I was working a script and because of a small typo very nearly lost most of the data on my C: drive. It’s very easy to get wrong, so treat this as a cautionary tale. The example below shows the error I made and the potential impact. I’ve used the command line instead of my script in the example, but the effect is the same.
First of all I set a variable to point to a folder off the root of the C: drive. Then I cleared the contents of the folder using the variable together with the Remove-Item command.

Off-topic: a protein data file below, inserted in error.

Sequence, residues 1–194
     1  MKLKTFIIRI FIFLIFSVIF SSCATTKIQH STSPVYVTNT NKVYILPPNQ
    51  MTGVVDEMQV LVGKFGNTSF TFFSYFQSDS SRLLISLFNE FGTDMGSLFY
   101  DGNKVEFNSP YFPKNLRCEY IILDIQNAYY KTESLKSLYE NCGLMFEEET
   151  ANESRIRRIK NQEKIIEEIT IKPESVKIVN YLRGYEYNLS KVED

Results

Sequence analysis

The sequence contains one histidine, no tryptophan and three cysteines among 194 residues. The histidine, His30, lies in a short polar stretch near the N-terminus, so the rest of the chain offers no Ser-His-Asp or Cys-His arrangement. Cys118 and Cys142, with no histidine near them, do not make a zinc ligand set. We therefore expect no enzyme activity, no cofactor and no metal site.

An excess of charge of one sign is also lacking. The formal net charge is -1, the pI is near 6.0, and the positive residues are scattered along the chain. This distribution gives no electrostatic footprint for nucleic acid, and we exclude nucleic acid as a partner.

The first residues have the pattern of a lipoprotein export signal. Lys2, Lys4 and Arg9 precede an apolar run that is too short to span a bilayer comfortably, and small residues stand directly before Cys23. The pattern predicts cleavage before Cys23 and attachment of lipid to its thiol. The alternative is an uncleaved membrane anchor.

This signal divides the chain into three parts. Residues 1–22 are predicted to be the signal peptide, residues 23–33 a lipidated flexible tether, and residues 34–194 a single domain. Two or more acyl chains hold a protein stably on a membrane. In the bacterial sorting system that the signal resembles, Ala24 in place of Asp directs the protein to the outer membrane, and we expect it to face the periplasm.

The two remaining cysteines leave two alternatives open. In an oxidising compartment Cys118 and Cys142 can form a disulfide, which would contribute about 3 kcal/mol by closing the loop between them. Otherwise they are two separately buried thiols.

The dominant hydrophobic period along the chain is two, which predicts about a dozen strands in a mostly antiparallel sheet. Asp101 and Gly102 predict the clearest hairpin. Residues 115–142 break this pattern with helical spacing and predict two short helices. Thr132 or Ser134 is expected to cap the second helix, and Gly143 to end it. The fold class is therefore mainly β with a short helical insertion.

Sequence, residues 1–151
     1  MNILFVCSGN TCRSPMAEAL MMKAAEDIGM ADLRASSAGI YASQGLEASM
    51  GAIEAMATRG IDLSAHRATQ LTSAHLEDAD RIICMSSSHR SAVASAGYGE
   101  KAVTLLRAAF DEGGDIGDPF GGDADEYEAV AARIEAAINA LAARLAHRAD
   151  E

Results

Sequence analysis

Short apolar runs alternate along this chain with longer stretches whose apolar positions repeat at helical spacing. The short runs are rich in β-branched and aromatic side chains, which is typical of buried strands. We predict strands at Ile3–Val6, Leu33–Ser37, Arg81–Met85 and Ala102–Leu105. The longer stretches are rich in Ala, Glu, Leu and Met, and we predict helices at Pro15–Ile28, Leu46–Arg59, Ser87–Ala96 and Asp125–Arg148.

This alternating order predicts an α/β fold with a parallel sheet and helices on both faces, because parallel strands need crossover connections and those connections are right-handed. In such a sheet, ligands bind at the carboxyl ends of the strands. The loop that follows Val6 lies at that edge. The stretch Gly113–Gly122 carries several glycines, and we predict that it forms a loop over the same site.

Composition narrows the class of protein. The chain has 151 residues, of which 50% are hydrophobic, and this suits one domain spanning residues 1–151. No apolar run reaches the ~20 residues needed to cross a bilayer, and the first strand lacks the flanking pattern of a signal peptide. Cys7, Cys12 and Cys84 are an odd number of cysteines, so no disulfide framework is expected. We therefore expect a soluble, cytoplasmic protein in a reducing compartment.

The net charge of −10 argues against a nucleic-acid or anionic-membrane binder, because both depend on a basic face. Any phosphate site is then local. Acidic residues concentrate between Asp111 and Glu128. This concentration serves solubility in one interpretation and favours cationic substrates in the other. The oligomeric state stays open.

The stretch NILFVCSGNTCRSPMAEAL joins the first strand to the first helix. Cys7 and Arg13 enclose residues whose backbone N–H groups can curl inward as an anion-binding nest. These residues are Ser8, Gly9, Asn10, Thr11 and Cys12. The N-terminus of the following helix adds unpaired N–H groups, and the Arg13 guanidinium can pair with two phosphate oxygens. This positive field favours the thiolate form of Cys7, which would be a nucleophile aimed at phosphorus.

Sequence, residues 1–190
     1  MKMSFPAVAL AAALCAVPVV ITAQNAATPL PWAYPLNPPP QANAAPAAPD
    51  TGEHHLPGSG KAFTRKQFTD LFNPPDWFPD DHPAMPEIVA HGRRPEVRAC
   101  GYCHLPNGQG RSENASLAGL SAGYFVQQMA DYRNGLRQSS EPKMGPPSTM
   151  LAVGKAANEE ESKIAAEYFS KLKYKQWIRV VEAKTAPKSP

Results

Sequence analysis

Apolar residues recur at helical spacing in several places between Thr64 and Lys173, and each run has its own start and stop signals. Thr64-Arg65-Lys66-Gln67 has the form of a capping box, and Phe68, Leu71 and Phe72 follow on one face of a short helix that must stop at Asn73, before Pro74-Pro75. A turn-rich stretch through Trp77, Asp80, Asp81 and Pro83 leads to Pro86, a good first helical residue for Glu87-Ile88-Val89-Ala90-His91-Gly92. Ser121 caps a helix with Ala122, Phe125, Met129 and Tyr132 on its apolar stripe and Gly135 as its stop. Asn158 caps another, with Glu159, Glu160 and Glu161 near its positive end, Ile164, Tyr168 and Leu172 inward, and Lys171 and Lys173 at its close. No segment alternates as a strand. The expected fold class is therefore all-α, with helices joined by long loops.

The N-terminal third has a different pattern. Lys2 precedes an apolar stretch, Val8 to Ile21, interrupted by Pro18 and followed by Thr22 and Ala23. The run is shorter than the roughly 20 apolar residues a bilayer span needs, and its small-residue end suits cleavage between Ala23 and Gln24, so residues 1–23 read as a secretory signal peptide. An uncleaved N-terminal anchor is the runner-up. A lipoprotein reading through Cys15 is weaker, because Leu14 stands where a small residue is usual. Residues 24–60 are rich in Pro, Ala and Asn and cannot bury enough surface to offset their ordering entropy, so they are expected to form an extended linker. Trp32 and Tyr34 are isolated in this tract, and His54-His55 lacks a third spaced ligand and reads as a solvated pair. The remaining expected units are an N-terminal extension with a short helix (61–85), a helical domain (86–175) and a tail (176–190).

The screenshot below shows how to do this correctly.
Now look what happens when you mistype the name of the variable. PowerShell basically ignores the variable and assumes you want to remove everything from the root of the drive.
In my case only the fact that I didn’t use the -recurse parameter saved me. If I had used the -recurse parameter I would have lost everything except for items protected by the system.
“PowerShell basically ignores the variable and assumes you want to remove everything from the root of the drive.”
No, it apparently tries to use the nonexistant value of a previously-undefined variable. It’s not pleasant, but I bet the same thing would happen under Unix if you tried this:
rm -rf $foo/
and foo wasn’t defined.